Specific UKRI funding streams also support interaction between academic and industrial research environments. Examples include Innovate UK’s Knowledge Transfer Partnerships, the Biotechnology and Biological Sciences Research Council’s “stand-alone” LINK funding and Research England’s Higher Education Innovation Fund. However, most of these are currently confined to medical and scientific disciplines: they should be extended to the arts and social sciences.

Senior leaders in government, academia and industry must value and support the flexible movement of individuals between sectors. We need better alignment of pay and benefits, working cultures and expectations. And we need schemes to help researchers on visas – including company-sponsored visas – to switch sectors. A dedicated programme of support to help researchers apply for indefinite leave to remain would also help, given the challenges of UK immigration policy.

Wider support of collaborative research initiatives by funders will prompt senior leaders to value and incentivise research translation. Evident and uniform institutional recognition of the commercial aspects of scientific research, such as patents and protection of intellectual property, will also support intersectoral career moves. And the adoption of the “narrative” CV by UKRI offers promise, with its reduced focus on traditional research metrics and greater emphasis on transferability of skills, people development and knowledge exchange.

Training and schemes to enable interaction, such as the Royal Society Industry Fellowships, are relatively well developed for academic researchers, but the principles of these need to be embedded across all sectors. For example, the foundations for a reciprocal relationship do not exist in policy, so incentivising policymakers to work with researchers and use appropriate evidence is important.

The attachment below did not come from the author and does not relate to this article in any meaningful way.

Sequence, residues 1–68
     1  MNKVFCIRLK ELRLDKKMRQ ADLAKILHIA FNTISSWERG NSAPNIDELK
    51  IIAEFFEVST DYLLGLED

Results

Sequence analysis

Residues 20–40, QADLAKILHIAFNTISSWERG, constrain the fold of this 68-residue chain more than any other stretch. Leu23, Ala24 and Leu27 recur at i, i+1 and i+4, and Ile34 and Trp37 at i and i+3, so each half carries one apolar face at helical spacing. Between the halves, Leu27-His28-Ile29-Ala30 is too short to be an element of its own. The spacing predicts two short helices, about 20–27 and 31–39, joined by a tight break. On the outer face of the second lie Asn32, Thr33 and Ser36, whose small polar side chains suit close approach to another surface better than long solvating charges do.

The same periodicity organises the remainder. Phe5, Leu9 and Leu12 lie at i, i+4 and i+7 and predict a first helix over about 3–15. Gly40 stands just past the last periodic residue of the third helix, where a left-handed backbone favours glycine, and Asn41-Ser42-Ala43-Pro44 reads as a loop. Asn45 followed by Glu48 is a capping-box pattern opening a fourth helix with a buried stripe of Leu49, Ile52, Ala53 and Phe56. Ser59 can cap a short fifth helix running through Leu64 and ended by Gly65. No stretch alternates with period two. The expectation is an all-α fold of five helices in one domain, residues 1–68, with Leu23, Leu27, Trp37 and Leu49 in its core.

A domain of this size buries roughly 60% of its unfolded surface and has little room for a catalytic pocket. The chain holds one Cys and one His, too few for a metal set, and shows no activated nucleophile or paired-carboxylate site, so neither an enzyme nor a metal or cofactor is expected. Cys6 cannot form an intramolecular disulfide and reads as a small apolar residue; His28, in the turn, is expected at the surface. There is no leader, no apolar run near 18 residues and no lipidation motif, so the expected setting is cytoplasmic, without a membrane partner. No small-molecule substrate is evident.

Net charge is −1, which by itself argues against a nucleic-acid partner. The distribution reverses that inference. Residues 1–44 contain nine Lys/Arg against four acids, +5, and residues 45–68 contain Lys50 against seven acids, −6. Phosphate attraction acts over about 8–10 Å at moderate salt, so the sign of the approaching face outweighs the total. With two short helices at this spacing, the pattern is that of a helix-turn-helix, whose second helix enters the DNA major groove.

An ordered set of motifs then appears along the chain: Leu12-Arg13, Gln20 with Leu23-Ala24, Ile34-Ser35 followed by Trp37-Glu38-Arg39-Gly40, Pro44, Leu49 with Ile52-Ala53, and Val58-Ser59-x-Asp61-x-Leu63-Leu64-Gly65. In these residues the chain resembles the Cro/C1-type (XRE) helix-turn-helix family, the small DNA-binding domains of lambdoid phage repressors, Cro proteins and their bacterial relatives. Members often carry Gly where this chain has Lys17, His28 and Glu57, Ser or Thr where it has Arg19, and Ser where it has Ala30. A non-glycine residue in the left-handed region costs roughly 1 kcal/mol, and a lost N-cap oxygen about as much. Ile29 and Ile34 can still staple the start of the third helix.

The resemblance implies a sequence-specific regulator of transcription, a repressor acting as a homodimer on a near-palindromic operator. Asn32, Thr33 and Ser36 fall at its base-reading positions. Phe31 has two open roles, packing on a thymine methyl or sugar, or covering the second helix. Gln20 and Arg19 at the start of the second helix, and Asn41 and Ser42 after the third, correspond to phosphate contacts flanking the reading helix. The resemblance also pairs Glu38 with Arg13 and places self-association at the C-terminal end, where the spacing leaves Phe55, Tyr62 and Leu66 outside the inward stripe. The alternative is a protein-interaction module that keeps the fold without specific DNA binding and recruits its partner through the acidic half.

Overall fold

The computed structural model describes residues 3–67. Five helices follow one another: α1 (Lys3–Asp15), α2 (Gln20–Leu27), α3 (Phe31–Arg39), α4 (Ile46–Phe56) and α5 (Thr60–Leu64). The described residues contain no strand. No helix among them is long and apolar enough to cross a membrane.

Furthermore, in many areas, the opportunity for interaction is isolated and rare. Workshops to showcase collaborative success, supported by seedcorn innovation grants, can help provide connectivity – although short-term interactions are not enough to foster the sharing of ideas and understanding of the benefits of collaborative working.

Whether knowledge exchange should be pursued by all researchers remains an open question. If it should, it needs to be integrated into training. But even if we take the view that it is better led by individual academics through dedicated initiatives, there needs to be much greater opportunity and incentive for others, in all sectors, to engage and participate.

Laura J. Carter is associate professor in soil and environmental chemistry at the University of Leeds. John Baison is a cereal geneticist at RAGT Seeds. Valentina Cambiano and Jenevieve Mannell are associate professors at the Institute of Global Health, UCL. Maria Fragiadaki is senior research fellow at the University of Sheffield. Andrew Logsdail is senior lecturer in catalytic and computational chemistry at Cardiff University. Oliver Mytton is honorary public health consultant at the Great Ormond Street Institute of Child Health, UCL. Oyuna Rybdylova is principal lecturer in the School of Architecture, Technology and Engineering at the University of Brighton. Vanessa Sancho-Shimizu is senior lecturer in paediatric infectious diseases at Imperial College London.


Print headline: Moving between academia and industry would boost innovation